The want of books and scientific apparatus at Cassel induced him to resort frequently to Gottingen, where he became betrothed to Therese Heyne, the daughter of the illustrious philologist, a clever and cultivated woman, but illsuited to be Forster's wife.
No one since Heyne has had so great an influence on German academical life, and for a whole generation the Berlin school had no rival.
His archaeological and mythological Memoire sur Venus (1775),(1775), which has been ranked with similar works of Heyne and Winckelmann, gained him admission to the Academie des Inscriptions (1778).
Heyne (3rd ed., 1903), O.
Shortly after the foundation of the university of Gottingen appeared Zeitungen von gelehrten Sachsen (1739), still famous as the Gottingische gelehrte Anzeigen, which during its long and influential career has been conducted by professors of that university, and among others by Haller, Heyne and Eichhorn.
Heyne; France by B.
Heyne, "Censura xii.
Heyne, Ober die Lage and Construction der Halle Heorot (Paderborn, 1864); R.
Heyne, Deutsche Hausaltertumer, i., ii., iii.
Heyne, Deutsche Hausaltertumer (Leipzig, 1899-1903); A.
Bertrand and Helbig, among others, have held that the descriptions are of actually existing works of art, while Heyne and Friederichs deny this.
Heyne, De fontibus et auctoribus historiarum Diodori, printed in Dindorf's edition, and C. A.
CHRISTIAN GOTTLOB HEYNE (1729-1812), German classical scholar and archaeologist, was born on the 25th of September 1729, at Chemnitz in Saxony.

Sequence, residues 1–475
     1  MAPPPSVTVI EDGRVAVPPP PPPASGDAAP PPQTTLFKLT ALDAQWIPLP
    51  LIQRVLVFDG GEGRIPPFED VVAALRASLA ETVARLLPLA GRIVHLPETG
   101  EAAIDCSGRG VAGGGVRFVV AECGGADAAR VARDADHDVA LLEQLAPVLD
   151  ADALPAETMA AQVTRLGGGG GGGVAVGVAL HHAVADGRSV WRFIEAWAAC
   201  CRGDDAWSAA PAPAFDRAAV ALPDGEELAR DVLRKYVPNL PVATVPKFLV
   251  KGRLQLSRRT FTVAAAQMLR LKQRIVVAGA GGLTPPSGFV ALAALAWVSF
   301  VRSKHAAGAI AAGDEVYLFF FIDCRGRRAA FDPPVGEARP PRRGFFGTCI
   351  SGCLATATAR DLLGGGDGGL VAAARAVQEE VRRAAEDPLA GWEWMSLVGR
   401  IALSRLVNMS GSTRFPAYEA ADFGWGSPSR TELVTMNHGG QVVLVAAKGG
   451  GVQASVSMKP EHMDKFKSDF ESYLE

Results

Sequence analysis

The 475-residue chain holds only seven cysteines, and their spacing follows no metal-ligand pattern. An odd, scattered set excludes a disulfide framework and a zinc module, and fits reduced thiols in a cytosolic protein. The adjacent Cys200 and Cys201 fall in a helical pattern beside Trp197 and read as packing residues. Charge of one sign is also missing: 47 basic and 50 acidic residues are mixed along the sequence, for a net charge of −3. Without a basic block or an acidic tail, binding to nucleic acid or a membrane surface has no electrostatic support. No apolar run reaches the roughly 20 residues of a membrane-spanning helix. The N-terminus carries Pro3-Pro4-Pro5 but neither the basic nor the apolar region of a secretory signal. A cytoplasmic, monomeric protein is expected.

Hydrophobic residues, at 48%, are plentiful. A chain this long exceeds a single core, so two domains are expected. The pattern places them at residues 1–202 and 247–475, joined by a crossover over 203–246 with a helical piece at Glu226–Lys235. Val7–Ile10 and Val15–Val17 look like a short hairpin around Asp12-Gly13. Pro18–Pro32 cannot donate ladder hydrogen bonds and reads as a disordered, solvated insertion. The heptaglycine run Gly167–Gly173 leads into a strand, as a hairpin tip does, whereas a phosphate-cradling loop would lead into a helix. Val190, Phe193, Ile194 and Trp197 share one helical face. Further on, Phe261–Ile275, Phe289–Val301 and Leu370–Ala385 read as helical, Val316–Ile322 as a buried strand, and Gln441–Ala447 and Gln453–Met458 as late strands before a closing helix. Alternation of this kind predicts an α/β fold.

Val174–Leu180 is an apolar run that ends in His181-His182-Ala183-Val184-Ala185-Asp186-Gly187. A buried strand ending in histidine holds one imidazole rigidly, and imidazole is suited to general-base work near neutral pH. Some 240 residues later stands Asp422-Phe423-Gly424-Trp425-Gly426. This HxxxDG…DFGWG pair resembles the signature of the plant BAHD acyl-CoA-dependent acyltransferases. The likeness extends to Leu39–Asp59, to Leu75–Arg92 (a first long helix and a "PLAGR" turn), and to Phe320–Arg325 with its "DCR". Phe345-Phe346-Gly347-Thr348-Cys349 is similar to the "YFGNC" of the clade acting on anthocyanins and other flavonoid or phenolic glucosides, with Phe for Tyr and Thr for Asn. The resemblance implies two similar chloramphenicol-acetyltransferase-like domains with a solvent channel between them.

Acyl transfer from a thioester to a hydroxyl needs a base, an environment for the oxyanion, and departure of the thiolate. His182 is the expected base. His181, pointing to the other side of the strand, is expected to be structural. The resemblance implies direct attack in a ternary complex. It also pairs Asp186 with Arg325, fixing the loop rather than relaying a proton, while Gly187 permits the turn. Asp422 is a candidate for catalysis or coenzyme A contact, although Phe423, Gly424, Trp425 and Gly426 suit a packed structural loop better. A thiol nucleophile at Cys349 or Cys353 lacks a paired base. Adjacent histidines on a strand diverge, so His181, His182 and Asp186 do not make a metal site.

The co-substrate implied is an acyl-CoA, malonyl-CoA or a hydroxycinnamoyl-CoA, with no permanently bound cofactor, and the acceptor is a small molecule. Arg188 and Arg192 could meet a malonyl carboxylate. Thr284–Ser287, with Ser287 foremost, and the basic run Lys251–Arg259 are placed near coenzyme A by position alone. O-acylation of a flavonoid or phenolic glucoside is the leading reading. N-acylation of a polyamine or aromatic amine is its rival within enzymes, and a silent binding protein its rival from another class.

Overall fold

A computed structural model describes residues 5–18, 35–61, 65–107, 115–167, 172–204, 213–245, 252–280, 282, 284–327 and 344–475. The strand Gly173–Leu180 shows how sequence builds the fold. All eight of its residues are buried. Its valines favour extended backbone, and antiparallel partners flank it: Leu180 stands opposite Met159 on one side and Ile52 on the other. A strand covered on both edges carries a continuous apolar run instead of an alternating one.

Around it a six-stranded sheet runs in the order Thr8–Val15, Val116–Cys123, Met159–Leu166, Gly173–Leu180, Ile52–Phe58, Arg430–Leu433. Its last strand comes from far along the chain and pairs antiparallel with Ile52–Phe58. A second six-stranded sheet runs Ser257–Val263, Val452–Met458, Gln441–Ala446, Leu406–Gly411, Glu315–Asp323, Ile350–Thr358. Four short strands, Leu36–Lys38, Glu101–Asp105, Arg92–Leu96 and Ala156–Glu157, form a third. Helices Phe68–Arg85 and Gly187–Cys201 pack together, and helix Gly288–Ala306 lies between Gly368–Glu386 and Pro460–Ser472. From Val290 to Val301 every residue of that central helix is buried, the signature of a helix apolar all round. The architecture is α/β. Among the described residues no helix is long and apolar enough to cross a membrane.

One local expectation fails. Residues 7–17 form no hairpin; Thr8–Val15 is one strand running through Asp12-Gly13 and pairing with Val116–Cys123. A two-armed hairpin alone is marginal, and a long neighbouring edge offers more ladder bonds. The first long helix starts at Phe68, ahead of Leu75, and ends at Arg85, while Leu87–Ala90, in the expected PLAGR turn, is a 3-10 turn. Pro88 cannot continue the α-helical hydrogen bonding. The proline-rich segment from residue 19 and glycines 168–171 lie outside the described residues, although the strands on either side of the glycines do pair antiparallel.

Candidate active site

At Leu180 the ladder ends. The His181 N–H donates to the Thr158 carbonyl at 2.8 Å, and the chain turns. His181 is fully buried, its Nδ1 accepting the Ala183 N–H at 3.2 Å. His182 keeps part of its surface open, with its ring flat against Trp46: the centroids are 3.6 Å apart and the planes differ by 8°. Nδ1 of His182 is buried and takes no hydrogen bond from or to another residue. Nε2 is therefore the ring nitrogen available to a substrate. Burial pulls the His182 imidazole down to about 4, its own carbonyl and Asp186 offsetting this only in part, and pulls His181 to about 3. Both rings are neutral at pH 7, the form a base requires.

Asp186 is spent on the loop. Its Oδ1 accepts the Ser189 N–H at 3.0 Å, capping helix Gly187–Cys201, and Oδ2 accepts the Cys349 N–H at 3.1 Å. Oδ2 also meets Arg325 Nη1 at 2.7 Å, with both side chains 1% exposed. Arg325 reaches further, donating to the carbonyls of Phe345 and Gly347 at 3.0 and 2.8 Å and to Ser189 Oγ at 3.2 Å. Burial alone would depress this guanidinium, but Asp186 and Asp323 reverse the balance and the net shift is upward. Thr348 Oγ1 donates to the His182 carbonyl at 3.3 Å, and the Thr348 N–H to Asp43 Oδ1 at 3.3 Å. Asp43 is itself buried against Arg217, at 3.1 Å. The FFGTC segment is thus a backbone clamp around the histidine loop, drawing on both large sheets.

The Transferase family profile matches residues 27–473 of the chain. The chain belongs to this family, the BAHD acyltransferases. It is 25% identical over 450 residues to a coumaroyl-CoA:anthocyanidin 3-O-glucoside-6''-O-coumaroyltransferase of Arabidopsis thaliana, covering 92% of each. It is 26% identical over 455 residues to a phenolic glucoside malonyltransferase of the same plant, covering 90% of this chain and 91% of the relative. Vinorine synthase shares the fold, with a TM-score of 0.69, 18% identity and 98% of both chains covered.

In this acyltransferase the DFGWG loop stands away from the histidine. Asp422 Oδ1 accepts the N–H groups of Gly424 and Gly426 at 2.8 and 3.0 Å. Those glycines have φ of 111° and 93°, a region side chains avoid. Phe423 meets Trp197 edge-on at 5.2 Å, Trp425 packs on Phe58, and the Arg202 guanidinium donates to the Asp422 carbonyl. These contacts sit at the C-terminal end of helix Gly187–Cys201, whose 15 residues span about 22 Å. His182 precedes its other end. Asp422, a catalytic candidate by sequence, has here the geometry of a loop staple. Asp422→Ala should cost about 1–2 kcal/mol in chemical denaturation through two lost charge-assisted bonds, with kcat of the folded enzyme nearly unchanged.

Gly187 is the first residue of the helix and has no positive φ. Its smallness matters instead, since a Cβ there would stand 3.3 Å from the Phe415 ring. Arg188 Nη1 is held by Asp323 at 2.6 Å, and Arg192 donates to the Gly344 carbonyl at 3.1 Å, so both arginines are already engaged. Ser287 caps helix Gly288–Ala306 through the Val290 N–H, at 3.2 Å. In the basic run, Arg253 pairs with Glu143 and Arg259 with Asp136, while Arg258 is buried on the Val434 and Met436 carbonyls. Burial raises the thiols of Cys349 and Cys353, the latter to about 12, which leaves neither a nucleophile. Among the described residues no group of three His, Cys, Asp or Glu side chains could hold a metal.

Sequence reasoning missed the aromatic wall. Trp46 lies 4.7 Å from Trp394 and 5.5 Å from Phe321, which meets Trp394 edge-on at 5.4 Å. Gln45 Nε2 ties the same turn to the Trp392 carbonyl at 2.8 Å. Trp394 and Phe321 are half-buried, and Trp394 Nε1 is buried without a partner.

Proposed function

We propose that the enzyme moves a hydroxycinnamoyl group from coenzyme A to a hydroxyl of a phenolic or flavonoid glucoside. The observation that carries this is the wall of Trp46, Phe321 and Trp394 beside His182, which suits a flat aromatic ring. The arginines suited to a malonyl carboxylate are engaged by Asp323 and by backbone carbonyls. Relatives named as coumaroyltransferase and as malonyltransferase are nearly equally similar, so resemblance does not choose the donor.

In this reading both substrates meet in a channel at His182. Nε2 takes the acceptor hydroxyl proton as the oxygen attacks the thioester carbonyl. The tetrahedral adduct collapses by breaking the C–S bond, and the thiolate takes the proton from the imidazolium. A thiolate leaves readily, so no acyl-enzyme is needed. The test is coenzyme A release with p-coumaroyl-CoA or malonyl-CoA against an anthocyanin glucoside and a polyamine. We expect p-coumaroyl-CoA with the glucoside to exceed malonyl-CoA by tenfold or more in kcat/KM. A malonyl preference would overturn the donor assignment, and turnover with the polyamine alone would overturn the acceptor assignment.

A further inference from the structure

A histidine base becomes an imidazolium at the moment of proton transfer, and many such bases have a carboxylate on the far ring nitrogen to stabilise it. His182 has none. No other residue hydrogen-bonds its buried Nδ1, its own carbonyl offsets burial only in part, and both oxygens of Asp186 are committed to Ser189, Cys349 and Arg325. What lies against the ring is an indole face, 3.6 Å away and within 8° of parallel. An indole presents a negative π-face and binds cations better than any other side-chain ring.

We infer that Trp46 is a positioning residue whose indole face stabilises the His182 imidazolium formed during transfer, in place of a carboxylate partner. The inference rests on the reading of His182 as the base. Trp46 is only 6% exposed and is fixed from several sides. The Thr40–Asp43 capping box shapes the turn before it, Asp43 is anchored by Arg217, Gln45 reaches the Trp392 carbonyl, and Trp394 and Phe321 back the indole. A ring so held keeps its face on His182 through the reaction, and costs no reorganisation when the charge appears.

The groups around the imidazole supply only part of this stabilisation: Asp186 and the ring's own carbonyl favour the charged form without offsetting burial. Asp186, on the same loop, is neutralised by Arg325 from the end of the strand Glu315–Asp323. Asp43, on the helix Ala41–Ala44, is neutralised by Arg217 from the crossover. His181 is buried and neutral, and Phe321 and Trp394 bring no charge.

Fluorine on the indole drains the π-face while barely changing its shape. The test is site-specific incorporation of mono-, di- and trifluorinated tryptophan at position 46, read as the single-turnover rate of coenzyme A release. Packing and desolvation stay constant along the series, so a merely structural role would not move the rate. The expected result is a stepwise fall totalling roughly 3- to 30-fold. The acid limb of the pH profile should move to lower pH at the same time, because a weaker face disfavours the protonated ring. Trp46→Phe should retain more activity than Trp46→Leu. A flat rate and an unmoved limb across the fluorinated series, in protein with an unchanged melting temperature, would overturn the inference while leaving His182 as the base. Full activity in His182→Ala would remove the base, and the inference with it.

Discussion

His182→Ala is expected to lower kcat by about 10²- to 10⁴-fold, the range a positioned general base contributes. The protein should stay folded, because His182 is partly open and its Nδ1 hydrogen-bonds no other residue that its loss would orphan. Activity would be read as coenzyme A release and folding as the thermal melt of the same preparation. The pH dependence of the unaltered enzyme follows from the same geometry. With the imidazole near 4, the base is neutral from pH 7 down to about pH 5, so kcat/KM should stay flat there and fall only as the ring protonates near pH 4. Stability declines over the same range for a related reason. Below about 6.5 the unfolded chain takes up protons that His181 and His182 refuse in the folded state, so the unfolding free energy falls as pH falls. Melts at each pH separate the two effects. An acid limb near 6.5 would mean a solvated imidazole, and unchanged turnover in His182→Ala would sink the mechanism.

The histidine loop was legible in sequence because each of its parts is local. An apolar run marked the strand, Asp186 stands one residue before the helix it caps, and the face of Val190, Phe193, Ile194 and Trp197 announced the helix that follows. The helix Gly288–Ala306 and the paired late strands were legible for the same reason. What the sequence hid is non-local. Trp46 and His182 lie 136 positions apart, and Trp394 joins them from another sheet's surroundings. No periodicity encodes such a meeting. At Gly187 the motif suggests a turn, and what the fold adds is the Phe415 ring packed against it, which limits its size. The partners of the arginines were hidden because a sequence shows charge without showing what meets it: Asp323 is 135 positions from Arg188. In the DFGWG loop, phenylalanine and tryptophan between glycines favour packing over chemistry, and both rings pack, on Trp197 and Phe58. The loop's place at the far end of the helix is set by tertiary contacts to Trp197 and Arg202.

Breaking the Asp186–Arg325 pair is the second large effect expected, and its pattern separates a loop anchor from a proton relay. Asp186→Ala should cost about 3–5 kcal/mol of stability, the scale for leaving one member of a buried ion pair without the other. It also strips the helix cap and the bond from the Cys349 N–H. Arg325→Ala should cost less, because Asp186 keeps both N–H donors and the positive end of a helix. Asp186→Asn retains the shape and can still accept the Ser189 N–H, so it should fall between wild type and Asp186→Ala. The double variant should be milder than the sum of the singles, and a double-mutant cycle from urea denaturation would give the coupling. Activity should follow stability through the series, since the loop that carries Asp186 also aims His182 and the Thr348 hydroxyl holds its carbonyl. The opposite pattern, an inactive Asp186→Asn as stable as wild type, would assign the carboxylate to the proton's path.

Accordingly, in April 1752, Heyne journeyed to Dresden, believing that his fortune was made.
Another period of want followed, and it was only by persistent solicitation that Heyne was able to obtain the post of under-clerk in the count's library, with a salary of somewhat less than twenty pounds sterling.
In the latter year the Seven Years' War broke out, and Heyne was once more in a state of destitution.
Heyne (7th ed., revised by A.
Besides these, Heeren wrote brief biographical sketches of Johann von Muller (Leipzig, 1809); Ludwig Spittler (Berlin, 1812); and Christian Heyne (GÃ¶ttingen, 1813).
On the death of Johann Matthias Gesner at GÃ¶ttingen in 1761, the vacant chair was refused first by Ernesti and then by Ruhnken, who persuaded Miinchhausen, the Hanoverian minister and principal curator of the university, to bestow it on Heyne (1763).
Unlike Gottfried Hermann, Heyne regarded the study of grammar and language only as the means to an end, not as the chief object of philology.